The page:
Software Update #3: “Follow the yellow brick trajectory!”

This week, we now have a drivable robot, a prototype intake, and a motion profiling system ready to go. What is there to do but write a few auto routines? Even without a shooter, we can still test most of the important functionality. After some discussion with the strategy team, we began work on the following routines:

  • One cargo (from any position)
  • Two cargo (collect any of the three cargo around the tarmac)
  • Three cargo (collect two cargo from the lower tarmac)
  • Four cargo (intake one from the terminal)
  • Five cargo (intake from the terminal, including the HP cargo)

See the videos below for the three, four, and five cargo autos in action.

Five Cargo

FRC 6328 2022 Five Cargo Auto Path

Four Cargo

FRC 6328 2022 Four Cargo Auto Path

Three Cargo

FRC 6328 2022 Three Cargo Auto Path

(The three cargo test had an extended shooting duration.)

The Flywheels

While we don’t have a shooter on the robot yet, we know enough about the design to control it in software. The structure of the subsystem code allows the hardware to be replaced while preserving the control logic — we can switch between SparkMAX and CTRE motor controllers, disable the hardware in replay, or turn it into a physics simulator. Throughout these tests, the robot is running the flywheels in a simulation, meaning the routine can check if they’re up to speed when shooting. We use the WPILib FlywheelSim  class. The graph below shows the flywheel speeds produced by the robot during the video of the five cargo auto. The red boxes show when the feed system was “running.”


The Paths

We decided to position the intake and shooter on opposite sides of the robot, which makes these routines much simpler. The three and four cargo paths are fairly intuitive, as they aren’t significantly limited by time. On the five cargo path, we considered two possible ways to run the routine:

  1. Shoot one cargo immediately, collect two from around the tarmac, shoot two, collect two from the terminal, shoot two.
  2. Collect one cargo from around the tarmac, shoot two, collect one from the tarmac, shoot one, collect two from the terminal, shoot two.

We ended up going with the second option for several reasons. First, shooting immediately requires waiting for the flywheels to spin up. While this may happen quickly, we don’t know for sure right now. Second, moving between the two cargo around the tarmac in a single path is tricky. With a differential drive, the fastest method seems to be a “back up and turn,” which is complex and still inefficient.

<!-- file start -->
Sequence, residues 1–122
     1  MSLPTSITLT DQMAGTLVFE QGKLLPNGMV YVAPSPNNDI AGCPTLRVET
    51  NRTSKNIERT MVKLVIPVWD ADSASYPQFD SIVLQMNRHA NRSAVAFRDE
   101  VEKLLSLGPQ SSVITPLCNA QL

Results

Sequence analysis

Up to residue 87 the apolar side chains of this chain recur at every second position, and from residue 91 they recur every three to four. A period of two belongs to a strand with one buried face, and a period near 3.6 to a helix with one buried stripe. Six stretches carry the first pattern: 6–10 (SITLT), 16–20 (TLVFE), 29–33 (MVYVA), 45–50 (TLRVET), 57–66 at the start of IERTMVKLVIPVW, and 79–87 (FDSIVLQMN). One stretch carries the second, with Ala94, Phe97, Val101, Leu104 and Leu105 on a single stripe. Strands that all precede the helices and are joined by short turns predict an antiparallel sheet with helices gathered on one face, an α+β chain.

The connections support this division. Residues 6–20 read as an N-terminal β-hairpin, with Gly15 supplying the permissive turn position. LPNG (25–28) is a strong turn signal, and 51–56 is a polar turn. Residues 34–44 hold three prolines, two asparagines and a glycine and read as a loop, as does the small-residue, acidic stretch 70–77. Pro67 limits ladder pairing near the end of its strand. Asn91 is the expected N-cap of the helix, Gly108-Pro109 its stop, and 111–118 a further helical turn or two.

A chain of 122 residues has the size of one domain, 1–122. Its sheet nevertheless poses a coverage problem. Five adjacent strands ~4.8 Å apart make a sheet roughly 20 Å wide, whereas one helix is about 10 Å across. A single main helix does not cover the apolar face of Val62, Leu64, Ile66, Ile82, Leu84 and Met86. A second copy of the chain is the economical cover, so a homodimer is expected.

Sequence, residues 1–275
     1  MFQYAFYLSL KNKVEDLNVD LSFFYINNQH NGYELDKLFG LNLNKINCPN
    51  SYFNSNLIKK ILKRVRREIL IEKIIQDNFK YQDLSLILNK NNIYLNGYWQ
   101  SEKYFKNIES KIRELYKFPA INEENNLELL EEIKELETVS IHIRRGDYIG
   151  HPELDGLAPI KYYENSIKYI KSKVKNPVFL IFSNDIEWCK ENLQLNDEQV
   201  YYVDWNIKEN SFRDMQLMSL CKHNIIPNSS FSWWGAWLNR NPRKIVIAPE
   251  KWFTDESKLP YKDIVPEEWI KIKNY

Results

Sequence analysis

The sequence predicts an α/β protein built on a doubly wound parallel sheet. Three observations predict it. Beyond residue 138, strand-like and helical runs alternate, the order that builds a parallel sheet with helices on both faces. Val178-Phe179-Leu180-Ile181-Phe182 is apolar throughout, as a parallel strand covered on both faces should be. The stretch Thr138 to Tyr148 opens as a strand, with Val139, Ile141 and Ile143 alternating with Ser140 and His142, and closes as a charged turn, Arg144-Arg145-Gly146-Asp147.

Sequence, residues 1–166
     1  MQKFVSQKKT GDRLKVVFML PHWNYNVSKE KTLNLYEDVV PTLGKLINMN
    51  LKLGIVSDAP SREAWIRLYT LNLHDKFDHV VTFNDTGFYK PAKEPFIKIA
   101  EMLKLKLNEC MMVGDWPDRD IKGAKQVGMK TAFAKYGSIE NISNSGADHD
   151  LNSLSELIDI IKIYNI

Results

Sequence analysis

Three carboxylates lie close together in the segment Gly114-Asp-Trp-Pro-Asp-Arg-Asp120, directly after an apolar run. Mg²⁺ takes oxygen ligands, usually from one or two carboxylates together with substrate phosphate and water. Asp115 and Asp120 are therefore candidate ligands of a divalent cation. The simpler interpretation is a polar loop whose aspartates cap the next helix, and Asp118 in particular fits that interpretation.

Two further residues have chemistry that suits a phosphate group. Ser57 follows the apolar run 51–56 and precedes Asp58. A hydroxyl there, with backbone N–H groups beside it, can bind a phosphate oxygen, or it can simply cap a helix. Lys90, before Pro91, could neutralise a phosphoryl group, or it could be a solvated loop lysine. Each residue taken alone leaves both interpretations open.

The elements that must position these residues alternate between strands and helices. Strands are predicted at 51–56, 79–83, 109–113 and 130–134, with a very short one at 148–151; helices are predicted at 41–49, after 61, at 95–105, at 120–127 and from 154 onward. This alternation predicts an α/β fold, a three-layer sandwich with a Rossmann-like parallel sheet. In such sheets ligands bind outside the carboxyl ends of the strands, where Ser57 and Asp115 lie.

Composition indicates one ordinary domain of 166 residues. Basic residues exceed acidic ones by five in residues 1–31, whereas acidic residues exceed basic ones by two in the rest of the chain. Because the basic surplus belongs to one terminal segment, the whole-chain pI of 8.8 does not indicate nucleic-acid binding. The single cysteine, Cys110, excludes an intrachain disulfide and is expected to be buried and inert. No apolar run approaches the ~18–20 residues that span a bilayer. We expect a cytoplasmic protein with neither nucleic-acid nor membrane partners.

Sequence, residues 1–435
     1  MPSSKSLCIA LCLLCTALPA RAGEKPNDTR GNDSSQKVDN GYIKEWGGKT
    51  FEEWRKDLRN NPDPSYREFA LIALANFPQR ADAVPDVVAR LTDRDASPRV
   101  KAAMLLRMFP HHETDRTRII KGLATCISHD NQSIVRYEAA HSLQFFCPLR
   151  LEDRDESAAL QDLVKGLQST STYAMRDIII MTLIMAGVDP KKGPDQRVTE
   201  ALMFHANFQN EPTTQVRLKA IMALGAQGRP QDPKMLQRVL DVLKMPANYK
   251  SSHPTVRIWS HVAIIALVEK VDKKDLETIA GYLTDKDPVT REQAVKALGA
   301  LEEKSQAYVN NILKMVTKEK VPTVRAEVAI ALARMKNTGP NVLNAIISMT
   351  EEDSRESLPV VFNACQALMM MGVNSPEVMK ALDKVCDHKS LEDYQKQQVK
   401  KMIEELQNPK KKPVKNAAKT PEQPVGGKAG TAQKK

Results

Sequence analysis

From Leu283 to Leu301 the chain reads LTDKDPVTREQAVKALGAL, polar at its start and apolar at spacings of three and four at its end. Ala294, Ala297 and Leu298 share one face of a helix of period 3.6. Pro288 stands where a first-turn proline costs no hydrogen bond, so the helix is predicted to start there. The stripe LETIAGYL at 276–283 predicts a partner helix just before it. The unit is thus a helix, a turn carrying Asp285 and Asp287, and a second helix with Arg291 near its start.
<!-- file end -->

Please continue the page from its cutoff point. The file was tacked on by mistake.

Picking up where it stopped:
Another unknown variable is the time required for shooting. While the three and four cargo routines can be fairly generous by sitting still for multiple seconds, we don’t have the same luxury during the five cargo auto. The middle shot (with one cargo) requires that the feed be timed such that the robot continues moving. We may take a similar approach with the other shots as well, depending on the speed of the feeders.

As we haven’t yet mounted a camera to this practice bot, we aren’t using vision to aid with odometry tracking. The trajectory constraints are therefore tuned to reduce wheel slip as much as possible — in the future, we hope to adjust these constraints to shorten some of the paths. This may allow us to spend more time shooting or intaking from the terminal during the five ball auto.

Full Simulation

The robot was using simulated flywheels while running the routines, but we can also run the autos entirely in a simulator for testing. The video below shows the five ball auto running without a real robot at all.

FRC 6328 2022 Five Cargo Auto Simulation

As with the flywheel, this is as simple as replacing the hardware implementation of the drive with a physics simulation. We use the WPILib DifferentialDrivetrainSim class. Running the routine in a simulator allows us to iterate very quickly, and it means we’re more confident that everything will work when we test it on the real robot.

  • Motion profiling command (here)
  • Five cargo auto (here)
  • Four cargo auto (here)
  • Three cargo auto (here)
  • Two cargo auto (here)
  • One cargo auto (here)

We’ll continue to work on refining these routines in the near future, like making sure that they stay clear of the lower exits to the hub. In the meantime, we’re happy to answer any questions.

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